I was very intrigued after reading the blurb for Blackquest 40. I’ve never heard of the author, but the blurb gave me a good summary of the story and piqued my interest in the main character Deb Bollinger. The author sounds pretty witty which further drew my interest into the book. In todays market the field is pretty crowded. That makes it ten times harder to stand out among the myriad of talented authors. I love it when I find something truly witty, original, and something with a unique twist. Check out Jeff Bond! Thumbs up!
Jeff Bond is an American author of popular fiction. His books have earned multiple starred reviews from Kirkus and BlueInk and been featured in The New York Review of Books. His 2020 release, The Pinebox Vendetta, received a gold medal in the Independent Publisher Book Awards. A Kansas native and Yale graduate, he now lives in Michigan with his wife and two daughters. (Who share his Kindle account, as you might guess from peeking at his bookshelf.)
A plague is coming, and it’s not COVID-19. Terrorists have engineered a bioweapon called Siren’s Tears that strikes hard and kills quickly, and the clock is ticking for the country. FBI Agent Rita Goldman uncovers the first clues, which lead her to investigate a Chechen terrorist group operating in East Texas. The Piney Woods are filled with snakes, ticks, mosquitos, and rednecks, and that’s the last place she wants to be… except that the area also happens to be the territory of a certain Texas Ranger, Sam Cable. Teamed up again, the odd couple races the clock to prevent the devastating release of this weapon of mass destruction. Pitted against crazed, virus-mad citizens, Chechen terrorists, and meth-dealing motorcycle gangs, Rita and Sam have a rough path to navigate, complicated by an unexpected, and surprising, mutual attraction. The feisty FBI agent and the lantern-jawed Ranger take on the terrorists and each other. Who will come out on top?
Even the darkest secrets can’t stay buried forever… Five figures gather round a shallow grave. They had all taken turns to dig. An adult sized hole would have taken longer. An innocent life had been taken but the pact had been made. Their secrets would be buried, bound in blood …
Years later, a headmistress is found brutally strangled, the first in a spate of gruesome murders which shock the Black Country.
But when human remains are discovered at a former children’s home, disturbing secrets are also unearthed. D.I. Kim Stone fast realises she’s on the hunt for a twisted individual whose killing spree spans decades.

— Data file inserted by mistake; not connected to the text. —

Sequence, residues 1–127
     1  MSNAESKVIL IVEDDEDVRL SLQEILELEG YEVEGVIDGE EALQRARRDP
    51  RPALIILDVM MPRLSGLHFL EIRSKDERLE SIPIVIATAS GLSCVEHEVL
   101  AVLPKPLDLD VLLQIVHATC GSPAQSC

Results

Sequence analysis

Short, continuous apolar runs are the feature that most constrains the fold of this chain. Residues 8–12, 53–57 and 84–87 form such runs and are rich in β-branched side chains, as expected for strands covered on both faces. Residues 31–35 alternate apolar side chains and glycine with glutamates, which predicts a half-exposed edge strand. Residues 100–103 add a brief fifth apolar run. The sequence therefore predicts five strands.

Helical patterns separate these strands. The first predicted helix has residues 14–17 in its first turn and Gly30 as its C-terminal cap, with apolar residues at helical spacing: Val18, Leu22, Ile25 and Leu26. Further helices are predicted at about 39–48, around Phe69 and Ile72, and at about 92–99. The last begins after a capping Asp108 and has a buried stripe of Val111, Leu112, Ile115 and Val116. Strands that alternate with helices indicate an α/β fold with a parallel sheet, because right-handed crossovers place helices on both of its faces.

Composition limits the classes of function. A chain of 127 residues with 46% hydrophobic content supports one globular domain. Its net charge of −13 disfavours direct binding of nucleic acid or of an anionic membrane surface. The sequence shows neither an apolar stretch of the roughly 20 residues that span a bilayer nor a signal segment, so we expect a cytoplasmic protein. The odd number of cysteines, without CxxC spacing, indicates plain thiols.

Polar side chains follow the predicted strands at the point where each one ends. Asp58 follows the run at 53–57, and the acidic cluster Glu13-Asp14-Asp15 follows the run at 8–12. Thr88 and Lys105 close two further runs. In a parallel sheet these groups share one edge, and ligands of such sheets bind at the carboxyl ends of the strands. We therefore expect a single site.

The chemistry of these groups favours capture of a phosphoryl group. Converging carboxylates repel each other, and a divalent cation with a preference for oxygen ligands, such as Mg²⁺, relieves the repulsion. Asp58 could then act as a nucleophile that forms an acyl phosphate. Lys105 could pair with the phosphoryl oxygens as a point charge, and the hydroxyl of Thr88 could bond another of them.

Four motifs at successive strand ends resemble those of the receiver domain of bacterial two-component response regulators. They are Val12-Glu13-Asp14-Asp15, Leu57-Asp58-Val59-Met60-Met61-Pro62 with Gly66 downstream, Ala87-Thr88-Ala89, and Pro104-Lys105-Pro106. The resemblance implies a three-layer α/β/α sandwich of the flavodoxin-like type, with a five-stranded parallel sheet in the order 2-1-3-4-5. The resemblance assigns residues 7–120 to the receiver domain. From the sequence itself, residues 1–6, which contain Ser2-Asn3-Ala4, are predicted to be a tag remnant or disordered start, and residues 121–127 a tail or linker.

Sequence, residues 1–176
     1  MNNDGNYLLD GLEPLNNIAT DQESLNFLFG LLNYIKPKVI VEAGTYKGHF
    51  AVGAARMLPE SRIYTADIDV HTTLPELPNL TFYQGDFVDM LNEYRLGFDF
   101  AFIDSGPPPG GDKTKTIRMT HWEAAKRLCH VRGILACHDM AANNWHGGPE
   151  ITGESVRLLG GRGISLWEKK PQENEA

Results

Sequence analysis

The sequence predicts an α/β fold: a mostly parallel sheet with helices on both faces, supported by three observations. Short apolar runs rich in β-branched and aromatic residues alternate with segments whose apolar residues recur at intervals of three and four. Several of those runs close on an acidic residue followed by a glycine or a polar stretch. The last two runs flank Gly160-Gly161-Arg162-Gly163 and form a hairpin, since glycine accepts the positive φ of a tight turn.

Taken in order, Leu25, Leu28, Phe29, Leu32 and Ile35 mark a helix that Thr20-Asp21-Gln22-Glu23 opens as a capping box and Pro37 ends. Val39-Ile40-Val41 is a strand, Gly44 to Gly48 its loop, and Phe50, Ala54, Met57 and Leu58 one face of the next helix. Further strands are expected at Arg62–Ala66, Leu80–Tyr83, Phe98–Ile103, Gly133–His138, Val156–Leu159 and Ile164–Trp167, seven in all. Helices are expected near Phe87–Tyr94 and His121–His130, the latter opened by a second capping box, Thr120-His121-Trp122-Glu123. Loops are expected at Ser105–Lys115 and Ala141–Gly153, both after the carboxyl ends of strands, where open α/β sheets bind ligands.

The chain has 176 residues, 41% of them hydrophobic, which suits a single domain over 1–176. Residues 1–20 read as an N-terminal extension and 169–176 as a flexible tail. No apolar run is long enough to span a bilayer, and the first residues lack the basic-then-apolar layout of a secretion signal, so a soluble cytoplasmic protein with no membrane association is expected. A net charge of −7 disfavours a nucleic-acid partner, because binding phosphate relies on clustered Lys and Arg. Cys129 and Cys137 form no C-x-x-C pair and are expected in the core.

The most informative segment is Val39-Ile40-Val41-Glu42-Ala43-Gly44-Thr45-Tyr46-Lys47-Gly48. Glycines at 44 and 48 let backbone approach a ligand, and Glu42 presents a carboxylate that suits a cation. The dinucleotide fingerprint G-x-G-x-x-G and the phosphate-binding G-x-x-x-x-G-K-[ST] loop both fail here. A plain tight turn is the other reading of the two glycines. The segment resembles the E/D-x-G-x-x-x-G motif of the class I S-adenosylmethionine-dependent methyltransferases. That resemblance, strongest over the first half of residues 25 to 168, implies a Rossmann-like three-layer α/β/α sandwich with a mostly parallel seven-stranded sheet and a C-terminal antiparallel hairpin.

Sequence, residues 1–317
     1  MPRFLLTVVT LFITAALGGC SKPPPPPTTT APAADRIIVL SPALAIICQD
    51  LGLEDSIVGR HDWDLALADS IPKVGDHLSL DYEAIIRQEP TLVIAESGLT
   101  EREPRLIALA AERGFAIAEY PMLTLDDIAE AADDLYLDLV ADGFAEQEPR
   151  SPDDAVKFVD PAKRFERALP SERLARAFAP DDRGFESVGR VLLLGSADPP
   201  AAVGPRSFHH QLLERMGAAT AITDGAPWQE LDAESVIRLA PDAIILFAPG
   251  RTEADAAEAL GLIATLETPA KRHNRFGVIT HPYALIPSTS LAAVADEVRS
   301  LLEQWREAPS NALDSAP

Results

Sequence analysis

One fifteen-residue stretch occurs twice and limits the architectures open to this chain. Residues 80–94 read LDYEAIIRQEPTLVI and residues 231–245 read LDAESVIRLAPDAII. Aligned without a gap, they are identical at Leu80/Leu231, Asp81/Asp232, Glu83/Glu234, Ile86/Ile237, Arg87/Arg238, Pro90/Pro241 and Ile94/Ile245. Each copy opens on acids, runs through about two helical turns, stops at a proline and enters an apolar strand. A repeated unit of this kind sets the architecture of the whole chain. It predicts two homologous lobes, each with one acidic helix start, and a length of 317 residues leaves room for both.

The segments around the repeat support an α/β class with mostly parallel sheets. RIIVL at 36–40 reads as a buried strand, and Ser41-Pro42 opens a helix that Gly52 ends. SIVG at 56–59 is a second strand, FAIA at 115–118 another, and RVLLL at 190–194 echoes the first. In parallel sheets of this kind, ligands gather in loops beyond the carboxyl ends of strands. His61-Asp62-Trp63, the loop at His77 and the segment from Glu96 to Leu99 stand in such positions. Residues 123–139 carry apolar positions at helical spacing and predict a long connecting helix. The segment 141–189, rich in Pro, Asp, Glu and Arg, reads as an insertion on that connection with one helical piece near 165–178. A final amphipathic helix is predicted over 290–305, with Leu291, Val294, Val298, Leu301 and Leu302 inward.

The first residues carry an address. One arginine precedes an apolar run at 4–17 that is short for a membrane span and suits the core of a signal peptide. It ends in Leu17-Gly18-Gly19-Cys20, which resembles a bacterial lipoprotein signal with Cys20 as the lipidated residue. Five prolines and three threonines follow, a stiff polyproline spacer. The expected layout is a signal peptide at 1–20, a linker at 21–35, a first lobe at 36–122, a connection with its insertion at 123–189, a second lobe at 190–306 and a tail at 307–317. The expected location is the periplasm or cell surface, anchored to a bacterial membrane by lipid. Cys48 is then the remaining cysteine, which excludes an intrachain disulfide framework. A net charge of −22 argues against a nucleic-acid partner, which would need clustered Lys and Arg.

As the body count rises, Kim needs to stop the murderer before they strike again. But to catch the killer, can Kim confront the demons of her own past before it’s too late?
Fans of Rachel Abbott, Val McDermid and Mark Billingham will be gripped by this exceptional new voice in British crime fiction.
Once, her heart was empty. Now it’s filled with ice…
Ellen’s therapist told her to forget the past, but the life she’s left with is boring. All she wants is to be happy and normal, but the approaching long bleak nights of winter loom threateningly in front of her, especially as she’ll be alone.
When the secrets her mother put in place to protect her are uncovered, Ellen learns the frightening truth. Her history is darker than she imagined. She’s not who she thinks she is, and the real her is a very different person to the one that others have mistreated and exploited.
If she has any hope for a future, Ellen must find answers about the past. This winter, there will be vengeance on Ellen’s mind, and DI Barton will struggle in his hardest case to date.
How can he find the truth when all the victims and witnesses are dead?
Ross Greenwood writes gritty, heart-pounding thrillers, with twists aplenty, and unforgettable endings. Perfect for fans of Mark Billingham and Stuart MacBride.
Praise for Ross Greenwood:
‘Move over Rebus and Morse; a new entry has joined the list of great crime investigators in the form of Detective Inspector John Barton. A rich cast of characters and an explosive plot kept me turning the pages until the final dramatic twist.’ author Richard Burke
‘Master of the psychological thriller genre Ross Greenwood once again proves his talent for creating engrossing and gritty novels that draw you right in and won’t let go until you’ve reached the shocking ending.’ Caroline Vincent at Bitsaboutbooks blog
‘Ross Greenwood doesn’t write clichés. What he has written here is a fast-paced, action-filled puzzle with believable characters that’s spiced with a lot of humour.’ author Kath Middleton
1894. The monstrous Hound of the Baskervilles has been dead for five years, along with its no less monstrous owner, the naturalist Jack Stapleton. Sir Henry Baskerville is living contentedly at Baskerville Hall with his new wife Audrey and their young son Harry. Until, that is, Audrey’s lifeless body is found on the moors, drained of blood. It would appear some fiendish creature is once more at large on Dartmoor and has, like its predecessor, targeted the unfortunate Baskerville family.
Sherlock Holmes and Dr Watson are summoned to Sir Henry’s aid, and our heroes must face a marauding beast that is the very stuff of nightmares.
Chief Superintendent Michele Ferrara knows that the beautiful surface of his adopted city, Florence, hides dark undercurrents. When called in to investigate a series of brutal and apparently random murders, his intuition is confirmed.
Distrusted by his superiors and pilloried by the media, Ferrara finds time running out as the questions pile up. Is there a connection between the murders and the threatening letters he has received? Are his old enemies, the Calabrian Mafia, involved? And what part is played by a beautiful young woman facing a heart-rending decision, a priest troubled by a secret from his past, and an American journalist fascinated by the darker side of life?